The Stepford Wives (1975 film)

The Stepford Wives is a 1975 American science-fiction horror film based on the 1972 Ira Levin novel of the same name.[3] It was directed by Bryan Forbes with a screenplay by William Goldman, and stars Katharine Ross, Paula Prentiss, and Peter Masterson.

The Stepford Wives
Theatrical release poster
Directed byBryan Forbes
Produced byEdgar J. Scherick
Screenplay byWilliam Goldman
Based onThe Stepford Wives
by Ira Levin
Music byMichael Small
Edited byTimothy Gee
Distributed byColumbia Pictures
Release date
  • February 12, 1975 (1975-02-12)
Running time
115 minutes[1]
CountryUnited States
Box office$8,720,000 (U.S) $4 million (rentals) (U.S./Canada)[2]

While the film was a moderate success at the time of release, it has grown in stature as a cult film over the years.[4] Building upon the reputation of Levin's novel, the term "Stepford" or "Stepford wife" has become a popular science fiction concept and several sequels were shot, as well as a 2004 remake using the same title, but rewritten as a comedy instead of a serious horror/thriller film.[5]


Joanna Eberhart (Katharine Ross) is a young wife who moves with her husband Walter (Peter Masterson) and their two children from New York City to the idyllic Fairfield County, Connecticut, suburb of Stepford. Loneliness quickly sets in as Joanna, a mildly rebellious aspiring photographer, finds that the women in town all look great and are obsessed with housework, but have few intellectual interests. The men all belong to the exclusionary local Men's Association, which Walter joins, to Joanna's dismay. Neighbor Carol Van Sant's sexually submissive behavior to her husband Ted, and her odd, repetitive behavior after a car accident also strike Joanna as strange.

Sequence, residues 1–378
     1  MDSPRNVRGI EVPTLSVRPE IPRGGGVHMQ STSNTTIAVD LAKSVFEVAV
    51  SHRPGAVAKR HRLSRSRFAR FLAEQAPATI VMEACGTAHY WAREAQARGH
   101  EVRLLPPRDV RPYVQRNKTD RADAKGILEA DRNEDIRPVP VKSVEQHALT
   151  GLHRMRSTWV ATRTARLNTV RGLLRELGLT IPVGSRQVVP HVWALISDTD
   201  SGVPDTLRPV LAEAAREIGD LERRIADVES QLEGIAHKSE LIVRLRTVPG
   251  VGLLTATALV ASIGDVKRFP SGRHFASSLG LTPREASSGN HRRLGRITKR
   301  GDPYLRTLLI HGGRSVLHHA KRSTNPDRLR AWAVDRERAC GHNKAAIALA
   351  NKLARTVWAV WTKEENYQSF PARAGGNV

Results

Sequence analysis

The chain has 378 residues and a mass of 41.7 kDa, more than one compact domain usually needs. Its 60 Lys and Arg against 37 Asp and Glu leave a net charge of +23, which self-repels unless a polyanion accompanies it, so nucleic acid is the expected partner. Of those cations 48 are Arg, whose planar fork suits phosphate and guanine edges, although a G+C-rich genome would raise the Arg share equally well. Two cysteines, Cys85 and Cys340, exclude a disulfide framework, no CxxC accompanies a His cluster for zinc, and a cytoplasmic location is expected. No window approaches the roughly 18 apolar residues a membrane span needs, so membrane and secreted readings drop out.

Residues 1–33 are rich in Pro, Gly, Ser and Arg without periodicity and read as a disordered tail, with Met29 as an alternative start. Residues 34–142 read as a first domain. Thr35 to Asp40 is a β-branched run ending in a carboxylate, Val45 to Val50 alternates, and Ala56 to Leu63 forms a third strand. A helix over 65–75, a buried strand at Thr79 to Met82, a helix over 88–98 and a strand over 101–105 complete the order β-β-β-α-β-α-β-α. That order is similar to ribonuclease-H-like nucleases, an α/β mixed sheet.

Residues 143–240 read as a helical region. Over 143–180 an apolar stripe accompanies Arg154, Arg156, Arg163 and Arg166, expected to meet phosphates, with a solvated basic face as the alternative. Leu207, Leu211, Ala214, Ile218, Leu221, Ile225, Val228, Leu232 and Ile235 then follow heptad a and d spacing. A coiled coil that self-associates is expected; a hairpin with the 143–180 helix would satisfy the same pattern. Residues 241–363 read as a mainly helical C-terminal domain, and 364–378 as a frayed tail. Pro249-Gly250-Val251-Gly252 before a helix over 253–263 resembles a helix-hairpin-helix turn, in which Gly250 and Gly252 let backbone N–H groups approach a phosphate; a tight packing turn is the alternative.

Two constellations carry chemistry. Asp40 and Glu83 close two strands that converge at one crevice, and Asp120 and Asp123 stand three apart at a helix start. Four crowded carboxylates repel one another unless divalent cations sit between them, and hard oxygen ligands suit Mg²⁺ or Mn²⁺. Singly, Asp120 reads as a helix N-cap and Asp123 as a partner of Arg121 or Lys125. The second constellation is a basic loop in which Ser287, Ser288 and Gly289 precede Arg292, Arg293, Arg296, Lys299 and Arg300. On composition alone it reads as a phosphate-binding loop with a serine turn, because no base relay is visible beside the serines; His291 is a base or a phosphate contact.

Things start to look up when she befriends another newcomer to town, the sloppy, irrepressible Bobbie Markowe. Along with the glamorously beautiful tennis playing trophy wife Charmaine Wimperis (Tina Louise), they organize a Women's Lib consciousness raising session, but the meeting is a failure when the other wives hijack the meeting with cleaning concerns. Joanna is also unimpressed by the boorish Men's Association members, including the intimidating president Dale "Diz" Coba. Stealthily, the Men's Association collects information on Joanna including her picture, her voice, and other personal details. When Charmaine returns from a weekend trip with her husband as an industrious, devoted wife who has fired her maid and destroyed her tennis court, Joanna and Bobbie start investigating, with ever-increasing concern, the reason behind the submissive and bland behavior of the other wives.